-----BEGIN PGP SIGNED MESSAGE----- Hash: SHA512 On 26/01/2019 7.34 PM, unman wrote: > On Sat, Jan 26, 2019 at 04:39:45AM -0800, goldsm...@riseup.net > wrote: >> >> Am I right in thinking that the recently discovered apt >> vulnerability (DSA 4371-1) in Debian based systems could and >> should have been mitigated against many years ago by downloading >> and activating an apt package; "apt-transport-https", which >> forces apt updates via https? The researcher (Max Justicz) who >> discovered the vulnerability has stated it couldn't have been >> exploited if https had been implemented. >> >> If "apt-transport-https" is the magic bullet, why in the past >> hasn't it been implemented by default? And, why for the future, >> is it not being implemented immediately by Qubes, Debian et al? >> >> During the past decade many people with good foresight had >> predicted the apt vulnerabilty and urged administrators to >> install the solution;"apt-transport-https". Regrettably, the >> vocal majority of so-called experts said that's unnecessary >> because the packages are signed. Was that incompetent advice? or >> was it a coordinated response from agents of State Actors to hide >> a deliberate backdoor? I've no idea, but given Snowdens >> revelations I would not rule anything out. > > No you're not right in thinking this. You seem to have missed the > section where Max explicitly say that "a malicious mirror could > still exploit a bug like this, even with https." So > apt-transport-https is no magic bullet, particularly as a cursory > glance suggests that it allows forcing SSL version to SSLv3, which > is known to be insecure. > > Imagine that apt-transport-https *had* been adopted - have you > actually looked at the list of vulnerabilities in libcurl, and the > various breakages in the TLS CA system? I can imagine some one > posting exactly like you: "Was the move to https incompetent > advice? or was it a coordinated response from agents of State > Actors to hide a deliberate backdoor? I've no idea, but given > Snowdens revelations I would not rule anything out." > > I would rule some things out. And in this case it looks like a > simple mistake. And if you read any of the arguments re http/https > you'd see that there are reasonable arguments on both sides, and > the "so called experts" took reasoned positions. > > It's always been open to you to install the package and switch to > https transport in your Debian templates, of course. And Qubes had > already started to use that by default too. Not to downplay the > importance of the bug, but let's not lose our heads. >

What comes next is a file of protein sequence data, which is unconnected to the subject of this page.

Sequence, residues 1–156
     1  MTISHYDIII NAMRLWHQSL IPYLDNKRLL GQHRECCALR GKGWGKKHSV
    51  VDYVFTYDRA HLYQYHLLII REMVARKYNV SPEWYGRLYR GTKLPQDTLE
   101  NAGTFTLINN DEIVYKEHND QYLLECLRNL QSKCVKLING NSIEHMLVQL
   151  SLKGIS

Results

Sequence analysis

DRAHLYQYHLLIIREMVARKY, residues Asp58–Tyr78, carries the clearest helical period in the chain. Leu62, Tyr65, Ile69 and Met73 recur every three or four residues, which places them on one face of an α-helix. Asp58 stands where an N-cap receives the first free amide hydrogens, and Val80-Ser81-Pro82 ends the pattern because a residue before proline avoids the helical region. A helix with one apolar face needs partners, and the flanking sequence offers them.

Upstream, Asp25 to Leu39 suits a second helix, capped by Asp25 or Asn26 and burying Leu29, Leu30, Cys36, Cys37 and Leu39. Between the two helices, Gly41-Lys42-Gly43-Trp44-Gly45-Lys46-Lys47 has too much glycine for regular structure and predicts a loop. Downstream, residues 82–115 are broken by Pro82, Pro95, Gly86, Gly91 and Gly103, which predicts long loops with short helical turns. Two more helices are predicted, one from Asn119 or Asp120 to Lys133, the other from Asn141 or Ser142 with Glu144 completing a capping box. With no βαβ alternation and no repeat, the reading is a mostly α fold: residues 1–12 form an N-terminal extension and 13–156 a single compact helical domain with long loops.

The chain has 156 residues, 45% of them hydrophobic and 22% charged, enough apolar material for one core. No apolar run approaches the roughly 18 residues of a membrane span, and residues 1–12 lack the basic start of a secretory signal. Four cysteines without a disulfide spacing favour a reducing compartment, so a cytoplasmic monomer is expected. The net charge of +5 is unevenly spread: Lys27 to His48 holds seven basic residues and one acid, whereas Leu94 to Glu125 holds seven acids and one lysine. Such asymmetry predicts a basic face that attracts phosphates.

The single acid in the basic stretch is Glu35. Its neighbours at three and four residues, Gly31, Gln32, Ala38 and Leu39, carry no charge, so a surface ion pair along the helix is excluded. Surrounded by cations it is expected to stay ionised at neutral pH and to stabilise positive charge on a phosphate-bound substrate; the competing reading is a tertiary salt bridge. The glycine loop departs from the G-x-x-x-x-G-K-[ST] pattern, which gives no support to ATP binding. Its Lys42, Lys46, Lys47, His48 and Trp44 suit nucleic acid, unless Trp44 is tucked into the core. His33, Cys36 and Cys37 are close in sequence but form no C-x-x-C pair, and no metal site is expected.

In addition, from a Qubes perspective, it's worth reiterating this part of the QSB: | Normally, we do not release Qubes Security Bulletins (QSBs) to address | vulnerabilities that only affect VMs internally without affecting the | rest of the Qubes system, i.e. vulnerabilities that do not undermine | the Qubes security model. | | For example, we do not release QSBs to address bugs in Firefox or | Linux kernel USB stacks, because Qubes OS was designed under the | primary assumption that in a typical desktop OS there will be | countless such bugs and that humankind will never be able to patch all | of them promptly (at least not as quickly as developers introduce new | bugs). This is, in fact, the very reason we designed Qubes OS as an | implementation of the security-by-compartmentalization approach. Whenever we're tempted to ask, "Why didn't Qubes secure X inside of a domU?" we should remember this. Not only is it unrealistic to expect the small Qubes team to fix vulnerabilities in software that many larger teams have failed to fix; it also misses the whole point of Qubes in the first place, which is to accept that such vulnerabilities are inevitable and protect ourselves from them by compartmentalizing them, limiting the damage they can do. [I can imagine a cynic responding, "Then why did you issue a QSB at all?" Even though there was no failure in the Qubes security model here (in fact, it did exactly what it was supposed to by limiting the damage this bug could do), we care far more about keeping users safe than about the "optics" of issuing a QSB. We would rather let some people misinterpret the situation and mistakenly think that this shows some flaw in Qubes if it means getting the word out so our users can secure their systems as quickly as possible.] - -- Andrew David Wong (Axon) Community Manager, Qubes OS https://www.qubes-os.org -----BEGIN PGP SIGNATURE----- iQIzBAEBCgAdFiEEZQ7rCYX0j3henGH1203TvDlQMDAFAlxNHwUACgkQ203TvDlQ MDBzvhAAwRQ6ZjTY/dznI3o9fsR9ZSiv0gaCwZYRDqNwoUvXQqKlnqOLhV4Z8WuN 8F3Jcd812AcRIFmsmCXDiFQIW7SF59ywmtwRTukbpuVty+ZdxbIq5zo9WriZH93k 1P/91onvoCrtGI2CgTR8yb0PRF3xBhsKHwmFkKj4Kq1ablM2l1UYlN3VZ6GjxLlc TyXus26LChVm48jcoOB3PTMKpWw91LbTQPebl3OlwhpsilCWKSw0ge3MylLMFJLr q2MGmUxCtpJQTaoyMEAAReEEiV/UaytTJikDQcQ3YjiaCVqxodYqD5/dUfD5lFLp +o7a6wb//eHtwCMQG+RWWIlLaxNlPsUxT2BvujVmNeOn+e1z+jdktRxXK/Vknq8d a/eYui5SJdsVHQQAgkJgYPLaGFQqXg+2u+O8pgwZSoYXu63w7r2YCIB77LBmXumF 1u0JKMeX5NeP+1NyFPa4ELPiq07d+5FxEP47kzMpn83BFfQlPaQbur64st68iYbX wQFMX3Ro1kq/fMVTyH6gaIHmWNxjwrV5bcL5vTjessKKJScOFZigwK8ecHcGcbp5 nxo/l4Iy/ImsgvhT6XKDKWCk4QgrmGpM/XFfXLLx5m1T2hbz6iAvcMihOom85sOF oiAO+cowbZjYiYS+TxEgnVCTw1Ju086Fz9A72A/H4X7Y7RuHV8Y= =oKXP -----END PGP SIGNATURE----- -- You received this message because you are subscribed to the Google Groups "qubes-users" group. To unsubscribe from this group and stop receiving emails from it, send an email to qubes-users+unsubscr...@googlegroups.com. To post to this group, send email to email@example.com. To view this discussion on the web visit https://groups.google.com/d/msgid/qubes-users/b5c71a74-ce48-3294-2b55-171ede5a111c%40qubes-os.org. For more options, visit https://groups.google.com/d/optout.